In Indiana, a parent cannot simply pick up and move with a child that is subject to a child custody order, even if the parent in question has been granted primary custody. After all, the rights of the non-custodial parent need to be recognized as well.
Fortunately, Indiana law contains several procedures and guidelines for dealing with these types of child custody disputes - procedures that must be followed before a parent can lawfully relocate to another residence with his or her child.
First, as noted in both the Indiana Parenting Time Guidelines and state statute, a parent must send notice of his or her relocation to the non-relocating parent at least 90 days before the proposed move. This notice must include:
- The specific reasons for the proposed relocation of the child
- The date that the relocating parent intends to move
- The physical address of the intended new residence, as well as the mailing address, if different
- The telephone number of the intended new residence and any other applicable phone numbers
- Notice that the non-relocating parent may file a petition to modify custody, parenting time or child support
- Notice that the non-relocating parent has 60 days to file an objection to the child's relocation
Objecting to a child relocation in Indiana
If the non-relocating parent fails to file his or her motion to prevent the relocation within the 60 days allotted, the other parent will be permitted to move with the child. However, if a motion is timely filed, an evidentiary hearing will be held to determine whether to allow the child relocation or not.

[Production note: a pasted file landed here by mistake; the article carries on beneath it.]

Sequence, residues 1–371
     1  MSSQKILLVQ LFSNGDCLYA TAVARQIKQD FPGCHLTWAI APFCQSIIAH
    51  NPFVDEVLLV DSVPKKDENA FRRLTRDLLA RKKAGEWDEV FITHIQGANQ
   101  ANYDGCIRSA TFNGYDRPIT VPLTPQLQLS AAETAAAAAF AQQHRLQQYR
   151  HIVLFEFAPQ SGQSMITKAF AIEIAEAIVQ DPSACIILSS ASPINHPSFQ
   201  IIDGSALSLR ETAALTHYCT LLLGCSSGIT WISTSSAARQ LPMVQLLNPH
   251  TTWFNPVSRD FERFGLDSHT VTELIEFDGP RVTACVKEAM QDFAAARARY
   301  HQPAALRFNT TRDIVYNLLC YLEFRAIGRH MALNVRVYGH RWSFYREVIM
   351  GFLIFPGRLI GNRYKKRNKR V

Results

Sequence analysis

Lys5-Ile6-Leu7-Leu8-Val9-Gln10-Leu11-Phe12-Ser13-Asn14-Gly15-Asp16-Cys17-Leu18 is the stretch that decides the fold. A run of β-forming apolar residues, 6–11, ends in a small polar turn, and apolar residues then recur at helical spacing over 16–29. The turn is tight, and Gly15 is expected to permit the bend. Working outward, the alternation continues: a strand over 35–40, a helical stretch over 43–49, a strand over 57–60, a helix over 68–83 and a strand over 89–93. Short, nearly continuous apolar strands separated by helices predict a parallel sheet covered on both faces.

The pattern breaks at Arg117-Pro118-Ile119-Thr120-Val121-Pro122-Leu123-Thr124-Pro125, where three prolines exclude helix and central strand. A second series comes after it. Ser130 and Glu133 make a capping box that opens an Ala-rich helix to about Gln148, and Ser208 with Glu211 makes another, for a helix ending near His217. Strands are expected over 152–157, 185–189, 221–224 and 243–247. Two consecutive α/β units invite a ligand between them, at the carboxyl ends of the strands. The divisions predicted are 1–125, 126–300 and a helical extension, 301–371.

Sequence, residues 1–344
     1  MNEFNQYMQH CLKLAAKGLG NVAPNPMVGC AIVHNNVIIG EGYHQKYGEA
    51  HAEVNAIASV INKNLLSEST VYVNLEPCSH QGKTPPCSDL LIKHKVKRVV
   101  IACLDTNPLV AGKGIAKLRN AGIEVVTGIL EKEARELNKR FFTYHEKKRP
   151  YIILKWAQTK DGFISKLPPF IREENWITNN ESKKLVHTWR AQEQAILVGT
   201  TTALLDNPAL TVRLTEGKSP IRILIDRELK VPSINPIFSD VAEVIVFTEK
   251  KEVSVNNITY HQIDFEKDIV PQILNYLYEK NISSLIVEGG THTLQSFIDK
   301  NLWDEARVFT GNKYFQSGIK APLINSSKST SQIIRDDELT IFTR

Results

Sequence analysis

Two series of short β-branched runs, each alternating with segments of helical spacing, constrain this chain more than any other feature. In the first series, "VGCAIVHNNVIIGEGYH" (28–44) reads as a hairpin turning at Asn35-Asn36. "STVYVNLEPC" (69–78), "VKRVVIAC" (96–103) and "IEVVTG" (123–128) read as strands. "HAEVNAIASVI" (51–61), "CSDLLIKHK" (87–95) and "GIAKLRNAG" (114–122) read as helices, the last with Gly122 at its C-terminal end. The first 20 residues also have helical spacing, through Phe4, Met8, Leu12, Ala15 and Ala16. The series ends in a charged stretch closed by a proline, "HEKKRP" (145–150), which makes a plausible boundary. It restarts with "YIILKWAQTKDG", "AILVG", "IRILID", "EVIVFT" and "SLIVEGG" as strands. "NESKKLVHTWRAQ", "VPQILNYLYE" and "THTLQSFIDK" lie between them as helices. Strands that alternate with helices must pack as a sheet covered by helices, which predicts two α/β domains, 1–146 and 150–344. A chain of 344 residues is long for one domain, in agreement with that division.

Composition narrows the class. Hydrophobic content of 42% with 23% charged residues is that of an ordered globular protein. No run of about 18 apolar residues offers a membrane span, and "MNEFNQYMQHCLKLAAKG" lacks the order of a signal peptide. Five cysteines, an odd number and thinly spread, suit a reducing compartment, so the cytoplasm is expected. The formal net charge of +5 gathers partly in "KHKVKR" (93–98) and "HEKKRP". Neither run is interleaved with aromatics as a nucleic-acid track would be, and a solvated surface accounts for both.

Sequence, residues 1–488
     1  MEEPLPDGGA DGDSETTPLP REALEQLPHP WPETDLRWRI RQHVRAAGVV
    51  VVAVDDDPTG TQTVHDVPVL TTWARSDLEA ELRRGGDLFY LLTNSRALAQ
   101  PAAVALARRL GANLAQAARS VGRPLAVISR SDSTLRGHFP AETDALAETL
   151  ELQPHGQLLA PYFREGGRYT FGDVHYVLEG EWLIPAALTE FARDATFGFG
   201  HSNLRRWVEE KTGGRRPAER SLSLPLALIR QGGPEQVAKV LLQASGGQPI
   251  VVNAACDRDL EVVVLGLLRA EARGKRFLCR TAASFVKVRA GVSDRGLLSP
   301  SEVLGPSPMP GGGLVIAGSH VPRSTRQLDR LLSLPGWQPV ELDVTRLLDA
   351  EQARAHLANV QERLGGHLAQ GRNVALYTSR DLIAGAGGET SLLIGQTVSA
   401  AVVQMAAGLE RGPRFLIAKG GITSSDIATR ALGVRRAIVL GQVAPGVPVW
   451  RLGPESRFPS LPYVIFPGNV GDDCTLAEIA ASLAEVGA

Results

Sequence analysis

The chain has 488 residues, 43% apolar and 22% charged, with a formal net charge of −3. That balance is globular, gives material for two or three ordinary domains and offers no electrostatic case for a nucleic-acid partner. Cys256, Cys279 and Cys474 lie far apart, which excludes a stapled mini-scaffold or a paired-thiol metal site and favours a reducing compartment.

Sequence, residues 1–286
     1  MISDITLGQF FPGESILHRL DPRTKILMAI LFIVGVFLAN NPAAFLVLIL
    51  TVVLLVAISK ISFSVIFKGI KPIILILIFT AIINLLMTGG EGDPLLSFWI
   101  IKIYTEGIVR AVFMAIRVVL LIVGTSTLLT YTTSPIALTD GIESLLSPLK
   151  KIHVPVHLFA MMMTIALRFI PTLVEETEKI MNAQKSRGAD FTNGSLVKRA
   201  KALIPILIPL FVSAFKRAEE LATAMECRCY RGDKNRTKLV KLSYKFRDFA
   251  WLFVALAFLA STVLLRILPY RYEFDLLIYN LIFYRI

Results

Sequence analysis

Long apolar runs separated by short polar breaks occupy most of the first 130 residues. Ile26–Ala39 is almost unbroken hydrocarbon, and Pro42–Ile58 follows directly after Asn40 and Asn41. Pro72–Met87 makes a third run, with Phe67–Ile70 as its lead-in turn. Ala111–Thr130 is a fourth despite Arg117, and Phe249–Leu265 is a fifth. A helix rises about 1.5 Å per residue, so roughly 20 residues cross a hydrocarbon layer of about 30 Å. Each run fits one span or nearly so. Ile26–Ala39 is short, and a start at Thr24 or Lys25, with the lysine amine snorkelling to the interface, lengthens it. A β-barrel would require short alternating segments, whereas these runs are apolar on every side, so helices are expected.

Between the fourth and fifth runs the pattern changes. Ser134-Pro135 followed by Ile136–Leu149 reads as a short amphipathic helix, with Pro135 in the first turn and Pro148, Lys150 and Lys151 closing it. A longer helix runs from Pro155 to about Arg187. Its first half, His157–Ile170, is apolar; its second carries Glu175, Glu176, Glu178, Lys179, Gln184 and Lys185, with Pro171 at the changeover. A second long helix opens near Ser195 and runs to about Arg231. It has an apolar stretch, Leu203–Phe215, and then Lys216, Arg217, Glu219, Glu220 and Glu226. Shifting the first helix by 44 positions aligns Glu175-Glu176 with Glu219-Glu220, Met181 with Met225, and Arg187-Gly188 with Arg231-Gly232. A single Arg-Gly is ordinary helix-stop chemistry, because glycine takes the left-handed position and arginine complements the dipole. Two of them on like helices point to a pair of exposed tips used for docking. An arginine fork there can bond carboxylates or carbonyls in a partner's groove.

Specifically, during this hearing, the relocating parent will have the initial burden of proving that his or her proposed move is being done for a legitimate reason and in good faith. If this burden is met, the non-relocating parent must then prove that the proposed relocation is not in the best interests of the child.
Additionally, as referenced above, a non-relocating parent may also file a motion to modify child custody upon receiving notice of the proposed move. And, while a relocation does not necessarily require a modification of child custody, if a non-relocating parent elects to seek custody in response to a notice to relocate, the court will typically consider the following factors:
- The distance involved in the proposed move
- The hardship and expense for the non-relocating parent to exercise his or her parenting time or visitation rights
- The likelihood of preserving the relationship between the child and the non-relocating parent through viable parenting arrangements, taking into account financial circumstances of the parties
- Any established pattern of conduct on the part of the relocating parent to either promote or thwart the other parent's contact with the child
- The reasons provided by the relocating parent for the move as well as the reasons offered by the non-relocating parent opposing the move
- Any other factor that may impact the child's best interests
As this article illustrates, child relocation cases can be quite complex in Indiana, which is why it is often best to consult with a knowledgeable family law attorney if you are embroiled in such a dispute. An experienced attorney can help you navigate the confusing laws and fully explain your rights and option s.